BoS condemns 'illusion of change' at NatWest

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THE BANK of Scotland yesterday hit back at NatWest's defence against its £22bn hostile bid for the clearing bank claiming it was a "weak response which does nothing to change the compelling logic of the BoS offer".

THE BANK of Scotland yesterday hit back at NatWest's defence against its £22bn hostile bid for the clearing bank claiming it was a "weak response which does nothing to change the compelling logic of the BoS offer".

Peter Burt, the chief executive, said that NatWest had "conceded key elements of the Bank of Scotland proposals, including the divestment of non-core activities identified by the Bank of Scotland".

"Shareholders will not be hoodwinked by the illusion of change - where the same people only weeks ago were arguing for the value-destroying Legal & General acquisition," he said.

Mr Burt rejected NatWest's claims that BoS lacks management, arguing that 23.5 per cent of its UK bank staff hold professional banking qualifications compared with 4.7 per cent at NatWest. He dismissed NatWest's argument that BoS had not cuts costs. BoS, he said, had cut its branch network by 16 per cent since 1994 and staff numbers by 15.4 per cent.

BoS, he said, had identified a hit squad of 70 senior managers to go into NatWest. They will be divided into 20 teams who will be charged with "unlocking the latent talent of NatWest's junior and middle managers".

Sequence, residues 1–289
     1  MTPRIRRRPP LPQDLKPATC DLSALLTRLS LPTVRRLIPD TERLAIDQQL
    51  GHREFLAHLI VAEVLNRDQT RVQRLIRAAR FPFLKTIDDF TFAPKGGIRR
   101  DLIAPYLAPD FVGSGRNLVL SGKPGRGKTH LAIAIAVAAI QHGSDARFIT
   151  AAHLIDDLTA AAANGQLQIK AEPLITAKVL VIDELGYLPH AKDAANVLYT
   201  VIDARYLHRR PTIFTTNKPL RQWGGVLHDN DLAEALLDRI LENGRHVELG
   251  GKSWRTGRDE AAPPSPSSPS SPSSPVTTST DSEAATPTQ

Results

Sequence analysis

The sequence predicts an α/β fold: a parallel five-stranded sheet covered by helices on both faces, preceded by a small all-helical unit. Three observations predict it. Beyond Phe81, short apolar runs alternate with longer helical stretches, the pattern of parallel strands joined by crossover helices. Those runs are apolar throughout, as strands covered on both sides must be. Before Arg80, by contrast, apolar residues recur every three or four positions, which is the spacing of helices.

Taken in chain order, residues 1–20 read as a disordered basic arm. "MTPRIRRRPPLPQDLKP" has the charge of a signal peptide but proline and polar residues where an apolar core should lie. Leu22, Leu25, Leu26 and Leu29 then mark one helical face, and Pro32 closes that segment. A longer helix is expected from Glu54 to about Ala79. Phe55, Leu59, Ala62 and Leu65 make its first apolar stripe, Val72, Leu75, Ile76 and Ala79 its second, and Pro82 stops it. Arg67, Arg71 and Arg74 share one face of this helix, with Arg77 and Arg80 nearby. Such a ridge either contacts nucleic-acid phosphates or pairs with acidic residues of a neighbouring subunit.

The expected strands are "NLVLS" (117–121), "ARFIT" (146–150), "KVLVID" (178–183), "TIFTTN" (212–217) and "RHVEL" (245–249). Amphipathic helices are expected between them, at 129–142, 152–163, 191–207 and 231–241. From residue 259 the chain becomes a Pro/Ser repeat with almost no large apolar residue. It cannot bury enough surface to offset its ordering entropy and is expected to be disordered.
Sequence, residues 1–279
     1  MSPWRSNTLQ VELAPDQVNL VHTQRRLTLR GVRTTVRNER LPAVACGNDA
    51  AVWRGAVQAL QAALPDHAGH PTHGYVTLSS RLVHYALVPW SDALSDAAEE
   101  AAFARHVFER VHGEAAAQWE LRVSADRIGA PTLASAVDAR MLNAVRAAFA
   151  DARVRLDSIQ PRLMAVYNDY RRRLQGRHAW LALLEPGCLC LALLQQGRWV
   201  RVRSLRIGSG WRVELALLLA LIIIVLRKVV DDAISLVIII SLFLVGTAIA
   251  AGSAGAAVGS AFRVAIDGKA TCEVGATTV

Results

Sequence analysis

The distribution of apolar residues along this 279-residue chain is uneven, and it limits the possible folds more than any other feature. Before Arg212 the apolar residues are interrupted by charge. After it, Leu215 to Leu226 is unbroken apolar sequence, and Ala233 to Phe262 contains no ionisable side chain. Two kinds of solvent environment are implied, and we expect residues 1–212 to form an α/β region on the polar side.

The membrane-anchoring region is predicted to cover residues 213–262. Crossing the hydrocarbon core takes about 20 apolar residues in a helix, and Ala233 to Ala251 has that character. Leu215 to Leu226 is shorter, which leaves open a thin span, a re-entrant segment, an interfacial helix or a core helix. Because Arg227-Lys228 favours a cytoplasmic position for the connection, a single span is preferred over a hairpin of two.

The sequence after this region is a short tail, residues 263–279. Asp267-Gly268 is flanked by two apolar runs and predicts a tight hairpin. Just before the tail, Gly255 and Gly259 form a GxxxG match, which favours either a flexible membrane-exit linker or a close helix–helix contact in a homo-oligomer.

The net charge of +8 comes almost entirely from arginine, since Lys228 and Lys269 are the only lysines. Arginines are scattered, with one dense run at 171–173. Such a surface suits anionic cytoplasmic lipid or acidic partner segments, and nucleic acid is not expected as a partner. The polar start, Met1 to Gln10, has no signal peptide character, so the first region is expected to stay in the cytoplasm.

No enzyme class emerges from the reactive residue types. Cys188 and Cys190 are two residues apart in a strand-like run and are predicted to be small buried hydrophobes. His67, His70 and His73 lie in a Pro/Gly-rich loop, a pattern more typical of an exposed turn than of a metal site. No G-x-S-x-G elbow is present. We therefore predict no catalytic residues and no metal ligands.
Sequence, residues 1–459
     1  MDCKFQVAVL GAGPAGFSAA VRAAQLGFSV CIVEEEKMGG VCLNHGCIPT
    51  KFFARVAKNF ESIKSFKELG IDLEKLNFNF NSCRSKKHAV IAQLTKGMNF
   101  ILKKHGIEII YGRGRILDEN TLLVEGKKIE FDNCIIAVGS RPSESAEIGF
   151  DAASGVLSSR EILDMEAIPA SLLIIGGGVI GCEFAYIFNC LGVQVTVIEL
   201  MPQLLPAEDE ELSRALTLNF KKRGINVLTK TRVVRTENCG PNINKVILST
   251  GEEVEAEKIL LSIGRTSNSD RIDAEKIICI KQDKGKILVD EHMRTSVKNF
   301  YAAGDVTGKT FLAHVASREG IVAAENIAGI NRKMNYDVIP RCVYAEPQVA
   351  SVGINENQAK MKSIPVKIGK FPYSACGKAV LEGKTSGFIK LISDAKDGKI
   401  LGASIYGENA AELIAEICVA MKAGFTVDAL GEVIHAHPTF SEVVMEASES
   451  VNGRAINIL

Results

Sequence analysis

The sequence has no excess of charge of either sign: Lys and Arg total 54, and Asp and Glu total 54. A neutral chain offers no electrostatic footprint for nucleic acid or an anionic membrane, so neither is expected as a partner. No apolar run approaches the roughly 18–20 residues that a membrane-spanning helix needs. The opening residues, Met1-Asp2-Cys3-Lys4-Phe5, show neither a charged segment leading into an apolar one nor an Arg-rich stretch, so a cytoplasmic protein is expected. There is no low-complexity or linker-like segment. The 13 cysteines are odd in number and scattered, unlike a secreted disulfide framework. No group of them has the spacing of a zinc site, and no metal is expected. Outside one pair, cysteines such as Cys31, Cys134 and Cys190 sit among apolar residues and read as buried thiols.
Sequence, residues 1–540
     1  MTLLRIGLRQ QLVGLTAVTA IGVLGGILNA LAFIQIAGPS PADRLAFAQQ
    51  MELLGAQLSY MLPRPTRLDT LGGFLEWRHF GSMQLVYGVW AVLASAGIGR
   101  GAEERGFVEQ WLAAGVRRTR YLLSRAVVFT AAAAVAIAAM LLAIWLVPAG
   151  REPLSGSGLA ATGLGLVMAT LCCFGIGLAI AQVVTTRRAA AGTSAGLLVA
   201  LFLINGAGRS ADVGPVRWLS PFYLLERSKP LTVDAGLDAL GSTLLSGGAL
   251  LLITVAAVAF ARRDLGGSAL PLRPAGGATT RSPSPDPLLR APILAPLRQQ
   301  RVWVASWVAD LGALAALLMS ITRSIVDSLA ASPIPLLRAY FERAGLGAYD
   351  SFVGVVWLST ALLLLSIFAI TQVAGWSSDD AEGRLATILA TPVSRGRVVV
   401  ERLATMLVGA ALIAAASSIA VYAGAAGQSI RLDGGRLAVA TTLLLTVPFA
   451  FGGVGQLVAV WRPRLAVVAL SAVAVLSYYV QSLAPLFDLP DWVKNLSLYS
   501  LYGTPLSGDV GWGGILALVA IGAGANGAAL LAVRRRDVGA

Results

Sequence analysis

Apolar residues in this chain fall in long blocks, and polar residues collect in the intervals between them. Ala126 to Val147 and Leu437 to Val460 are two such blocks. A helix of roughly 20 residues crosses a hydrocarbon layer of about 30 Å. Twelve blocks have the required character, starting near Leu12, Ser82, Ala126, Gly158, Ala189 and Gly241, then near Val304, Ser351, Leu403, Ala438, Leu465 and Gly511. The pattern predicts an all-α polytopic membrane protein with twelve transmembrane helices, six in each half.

Sir David Rowland, NatWest's chairman, said Mr Burt's comments "smacked of panic" and showed that the bank's criticism of BoS had "hit home."

Buyers have started, meanwhile, to emerge for the parts of the business which NatWest said it intends to sell.

Irish Life has expressed interest in Ulster Bank and last night appointed the investment banks DLJ and Schroders to advise it on its bid. CinVen is believed to be interested in NatWest Equity Partners, although the firm may be pipped by a management buy out.

Paul Myners, the executive chairman of Gartmore, the fund management group whose sale is being handled by DLJ, has said he is looking for a foreign buyer who would be prepared to give the existing management significant autonomy. Greenwich NatWest is thought to be likely to prove harder to sell. The firms founders Chip Kruger and Gary Holloway are not believed to be a in a position to buy the firm out themselves although they may push for a buyer who would leave them with a substantial equity interest.

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